How appropriate is it to characterise Western universities as institutionally racist?

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Abstract

The Macpherson Report in 1999 claimed that public organisations, including universities, were characterised by institutional racism. This paper critically examines the concept of institutional racism before using it as a sensitising concept to investigate ethnographically in one university in the UK over a ten-year period. While I was initially sceptical of the analytical utility of the concept of institutional racism, since it seemed to gloss over important conceptual distinctions, the concept ultimately proved revealing in accounting for significant continuities in the approach of universities, including Midshire, to race equality. Throughout the period under discussion, there was a reluctance to identify race equality as a priority and to take corresponding action because of what has been called "the sheer weight of whiteness" (Back 2004, 1). A comparison of Midshire University with Midshire Police reinforced this perception. While it identified contrasts in the occupational cultures of the two organisations, at the same time it pointed to surprising parallels in their approaches to race equality, which stemmed from a taken for granted white norm. Despite this, the concept of institutional racism as defined in the Macpherson report and employed in the Parekhh report fails to capture significant differences between public organisations and changes over time. The author concludes that universities are not appropriately characterised as institutionally racist and are more appropriately conceptualised as pervaded by a white norm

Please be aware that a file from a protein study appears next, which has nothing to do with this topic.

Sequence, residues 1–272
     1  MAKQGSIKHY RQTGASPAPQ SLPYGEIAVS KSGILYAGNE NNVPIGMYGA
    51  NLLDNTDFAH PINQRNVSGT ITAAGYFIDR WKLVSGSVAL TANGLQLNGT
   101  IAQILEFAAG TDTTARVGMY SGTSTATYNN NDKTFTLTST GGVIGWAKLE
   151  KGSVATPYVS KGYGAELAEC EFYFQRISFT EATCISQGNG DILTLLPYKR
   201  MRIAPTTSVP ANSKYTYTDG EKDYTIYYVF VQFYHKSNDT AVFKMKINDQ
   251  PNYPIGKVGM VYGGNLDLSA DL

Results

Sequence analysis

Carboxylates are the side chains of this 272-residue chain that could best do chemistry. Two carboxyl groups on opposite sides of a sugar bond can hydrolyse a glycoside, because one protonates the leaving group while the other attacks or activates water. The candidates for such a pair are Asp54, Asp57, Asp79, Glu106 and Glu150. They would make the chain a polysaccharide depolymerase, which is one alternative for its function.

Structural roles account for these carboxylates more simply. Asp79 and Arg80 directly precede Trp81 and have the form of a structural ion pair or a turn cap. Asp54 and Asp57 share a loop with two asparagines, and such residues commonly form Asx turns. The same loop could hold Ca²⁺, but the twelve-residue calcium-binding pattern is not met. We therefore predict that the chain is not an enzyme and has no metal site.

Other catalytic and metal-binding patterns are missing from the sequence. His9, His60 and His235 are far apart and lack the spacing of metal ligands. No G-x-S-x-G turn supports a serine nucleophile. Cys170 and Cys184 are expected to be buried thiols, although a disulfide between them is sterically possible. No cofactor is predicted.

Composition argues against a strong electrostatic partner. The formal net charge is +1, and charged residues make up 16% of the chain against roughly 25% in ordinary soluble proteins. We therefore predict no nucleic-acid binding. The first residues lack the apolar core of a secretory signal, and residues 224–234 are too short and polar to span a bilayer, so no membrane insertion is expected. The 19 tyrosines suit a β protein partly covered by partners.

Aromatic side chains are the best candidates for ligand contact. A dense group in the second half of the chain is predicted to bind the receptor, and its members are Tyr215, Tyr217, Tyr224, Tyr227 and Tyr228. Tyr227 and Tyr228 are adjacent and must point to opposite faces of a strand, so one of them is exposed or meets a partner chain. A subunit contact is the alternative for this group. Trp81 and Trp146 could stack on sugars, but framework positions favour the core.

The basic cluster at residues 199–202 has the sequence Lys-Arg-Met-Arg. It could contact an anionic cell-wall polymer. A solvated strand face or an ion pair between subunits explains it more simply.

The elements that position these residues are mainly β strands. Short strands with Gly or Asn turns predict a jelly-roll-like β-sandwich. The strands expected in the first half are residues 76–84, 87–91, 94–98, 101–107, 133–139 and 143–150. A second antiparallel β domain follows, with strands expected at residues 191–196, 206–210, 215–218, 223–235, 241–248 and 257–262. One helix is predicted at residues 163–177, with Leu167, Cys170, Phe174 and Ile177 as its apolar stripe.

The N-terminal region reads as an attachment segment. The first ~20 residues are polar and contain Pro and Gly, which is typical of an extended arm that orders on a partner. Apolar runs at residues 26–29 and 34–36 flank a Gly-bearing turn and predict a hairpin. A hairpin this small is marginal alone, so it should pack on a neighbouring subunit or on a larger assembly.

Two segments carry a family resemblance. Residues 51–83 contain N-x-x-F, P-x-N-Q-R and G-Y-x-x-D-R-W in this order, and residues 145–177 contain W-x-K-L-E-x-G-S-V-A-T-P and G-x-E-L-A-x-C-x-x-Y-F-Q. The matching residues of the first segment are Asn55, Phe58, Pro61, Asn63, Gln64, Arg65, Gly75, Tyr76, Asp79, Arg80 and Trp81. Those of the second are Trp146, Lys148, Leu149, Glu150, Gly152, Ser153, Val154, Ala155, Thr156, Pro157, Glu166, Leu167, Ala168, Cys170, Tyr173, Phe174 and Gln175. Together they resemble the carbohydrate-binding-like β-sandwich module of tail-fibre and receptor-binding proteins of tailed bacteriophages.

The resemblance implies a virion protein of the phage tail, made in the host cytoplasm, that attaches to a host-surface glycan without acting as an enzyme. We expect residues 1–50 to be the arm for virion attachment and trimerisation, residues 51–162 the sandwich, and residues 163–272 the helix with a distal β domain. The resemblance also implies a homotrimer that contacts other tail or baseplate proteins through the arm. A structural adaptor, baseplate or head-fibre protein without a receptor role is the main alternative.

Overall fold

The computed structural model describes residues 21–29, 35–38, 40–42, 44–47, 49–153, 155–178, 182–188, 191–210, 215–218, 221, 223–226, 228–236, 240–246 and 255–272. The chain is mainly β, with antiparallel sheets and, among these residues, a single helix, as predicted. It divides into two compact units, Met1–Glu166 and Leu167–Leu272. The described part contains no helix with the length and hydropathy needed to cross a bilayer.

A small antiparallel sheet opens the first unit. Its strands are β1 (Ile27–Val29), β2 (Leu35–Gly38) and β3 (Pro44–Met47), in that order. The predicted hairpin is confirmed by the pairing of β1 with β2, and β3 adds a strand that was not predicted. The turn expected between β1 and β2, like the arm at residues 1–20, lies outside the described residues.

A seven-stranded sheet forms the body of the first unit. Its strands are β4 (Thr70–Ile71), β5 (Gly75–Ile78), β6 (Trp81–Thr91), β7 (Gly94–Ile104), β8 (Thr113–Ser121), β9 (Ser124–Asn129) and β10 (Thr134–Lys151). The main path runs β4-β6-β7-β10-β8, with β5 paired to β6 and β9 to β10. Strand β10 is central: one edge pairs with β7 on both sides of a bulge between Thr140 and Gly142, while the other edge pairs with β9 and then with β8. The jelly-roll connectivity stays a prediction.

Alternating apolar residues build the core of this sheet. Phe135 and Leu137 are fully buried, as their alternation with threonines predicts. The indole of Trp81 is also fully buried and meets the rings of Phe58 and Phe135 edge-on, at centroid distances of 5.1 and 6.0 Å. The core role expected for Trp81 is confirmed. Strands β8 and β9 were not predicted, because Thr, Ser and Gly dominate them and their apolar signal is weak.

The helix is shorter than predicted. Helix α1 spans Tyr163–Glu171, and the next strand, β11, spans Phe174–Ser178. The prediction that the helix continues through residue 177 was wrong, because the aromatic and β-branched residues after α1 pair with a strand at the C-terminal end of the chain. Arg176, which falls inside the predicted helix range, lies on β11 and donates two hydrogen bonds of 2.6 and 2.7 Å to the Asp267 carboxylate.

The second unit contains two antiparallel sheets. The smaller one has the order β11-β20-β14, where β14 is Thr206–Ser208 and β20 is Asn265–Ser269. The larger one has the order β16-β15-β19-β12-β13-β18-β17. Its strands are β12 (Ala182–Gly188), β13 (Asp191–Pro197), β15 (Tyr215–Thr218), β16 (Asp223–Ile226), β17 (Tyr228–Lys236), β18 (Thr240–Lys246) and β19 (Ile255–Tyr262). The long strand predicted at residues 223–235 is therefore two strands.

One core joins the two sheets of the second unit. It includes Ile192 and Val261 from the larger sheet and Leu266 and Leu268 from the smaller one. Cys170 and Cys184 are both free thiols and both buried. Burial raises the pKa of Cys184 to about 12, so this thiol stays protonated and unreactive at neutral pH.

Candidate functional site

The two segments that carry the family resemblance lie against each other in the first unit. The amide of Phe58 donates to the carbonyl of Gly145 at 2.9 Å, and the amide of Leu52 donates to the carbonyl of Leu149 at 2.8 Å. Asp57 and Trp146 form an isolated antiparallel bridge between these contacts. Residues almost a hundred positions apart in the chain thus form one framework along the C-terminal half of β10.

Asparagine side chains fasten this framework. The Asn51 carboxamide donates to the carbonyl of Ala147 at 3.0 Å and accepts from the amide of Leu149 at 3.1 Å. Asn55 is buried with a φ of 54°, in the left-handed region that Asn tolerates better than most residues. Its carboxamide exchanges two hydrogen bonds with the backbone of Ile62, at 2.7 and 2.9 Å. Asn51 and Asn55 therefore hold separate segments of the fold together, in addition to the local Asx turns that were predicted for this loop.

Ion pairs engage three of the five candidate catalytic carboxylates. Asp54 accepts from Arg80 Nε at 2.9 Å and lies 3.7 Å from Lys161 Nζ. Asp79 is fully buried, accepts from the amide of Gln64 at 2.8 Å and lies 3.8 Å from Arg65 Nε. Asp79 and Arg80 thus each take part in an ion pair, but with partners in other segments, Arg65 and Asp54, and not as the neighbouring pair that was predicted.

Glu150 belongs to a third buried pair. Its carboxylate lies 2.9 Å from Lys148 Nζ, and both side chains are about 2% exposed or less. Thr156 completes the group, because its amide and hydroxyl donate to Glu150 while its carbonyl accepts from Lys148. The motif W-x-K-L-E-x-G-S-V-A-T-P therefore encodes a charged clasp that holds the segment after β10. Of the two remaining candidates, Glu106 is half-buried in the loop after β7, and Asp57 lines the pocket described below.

Original languageEnglish
JournalThe International Journal of Interdisciplinary Global Studies
Volume7
Issue number2
DOIs
Publication statusPublished - 1 Aug 2013

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racism
university
equality
university organization
gloss
continuity
police

Keywords

  • Institutional racism
  • higher education
  • widening participation
  • equality and diversity

Cite this

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title = "How appropriate is it to characterise Western universities as institutionally racist?",
abstract = "The Macpherson Report in 1999 claimed that public organisations, including universities, were characterised by institutional racism. This paper critically examines the concept of institutional racism before using it as a sensitising concept to investigate ethnographically in one university in the UK over a ten-year period. While I was initially sceptical of the analytical utility of the concept of institutional racism, since it seemed to gloss over important conceptual distinctions, the concept ultimately proved revealing in accounting for significant continuities in the approach of universities, including Midshire, to race equality. Throughout the period under discussion, there was a reluctance to identify race equality as a priority and to take corresponding action because of what has been called {"}the sheer weight of whiteness{"} (Back 2004, 1). A comparison of Midshire University with Midshire Police reinforced this perception. While it identified contrasts in the occupational cultures of the two organisations, at the same time it pointed to surprising parallels in their approaches to race equality, which stemmed from a taken for granted white norm. Despite this, the concept of institutional racism as defined in the Macpherson report and employed in the Parekhh report fails to capture significant differences between public organisations and changes over time. The author concludes that universities are not appropriately characterised as institutionally racist and are more appropriately conceptualised as pervaded by a white norm",
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How appropriate is it to characterise Western universities as institutionally racist? / Pilkington, Andrew.

In: The International Journal of Interdisciplinary Global Studies, Vol. 7, No. 2, 01.08.2013.

Research output: Contribution to journalArticleResearchpeer-review

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